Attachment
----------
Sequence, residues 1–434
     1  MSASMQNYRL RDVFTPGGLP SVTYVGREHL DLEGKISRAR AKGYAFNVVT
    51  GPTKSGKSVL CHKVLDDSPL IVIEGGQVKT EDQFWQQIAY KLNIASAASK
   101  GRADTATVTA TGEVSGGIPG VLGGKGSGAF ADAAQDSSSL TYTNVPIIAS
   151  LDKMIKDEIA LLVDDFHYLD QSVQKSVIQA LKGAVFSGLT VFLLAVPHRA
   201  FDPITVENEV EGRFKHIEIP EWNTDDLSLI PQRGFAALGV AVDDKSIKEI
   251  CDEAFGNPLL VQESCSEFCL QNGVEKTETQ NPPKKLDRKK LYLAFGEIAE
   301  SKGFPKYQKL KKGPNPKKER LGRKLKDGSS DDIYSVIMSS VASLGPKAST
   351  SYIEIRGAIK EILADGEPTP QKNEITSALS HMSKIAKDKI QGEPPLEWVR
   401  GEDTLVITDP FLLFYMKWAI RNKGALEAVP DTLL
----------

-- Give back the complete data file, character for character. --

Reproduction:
Sequence, residues 1–434
     1  MSASMQNYRL RDVFTPGGLP SVTYVGREHL DLEGKISRAR AKGYAFNVVT
    51  GPTKSGKSVL CHKVLDDSPL IVIEGGQVKT EDQFWQQIAY KLNIASAASK
   101  GRADTATVTA TGEVSGGIPG VLGGKGSGAF ADAAQDSSSL TYTNVPIIAS
   151  LDKMIKDEIA LLVDDFHYLD QSVQKSVIQA LKGAVFSGLT VFLLAVPHRA
   201  FDPITVENEV EGRFKHIEIP EWNTDDLSLI PQRGFAALGV AVDDKSIKEI
   251  CDEAFGNPLL VQESCSEFCL QNGVEKTETQ NPPKKLDRKK LYLAFGEIAE
   301  SKGFPKYQKL KKGPNPKKER LGRKLKDGSS DDIYSVIMSS VASLGPKAST
   351  SYIEIRGAIK EILADGEPTP QKNEITSALS HMSKIAKDKI QGEPPLEWVR
   401  GEDTLVITDP FLLFYMKWAI RNKGALEAVP DTLL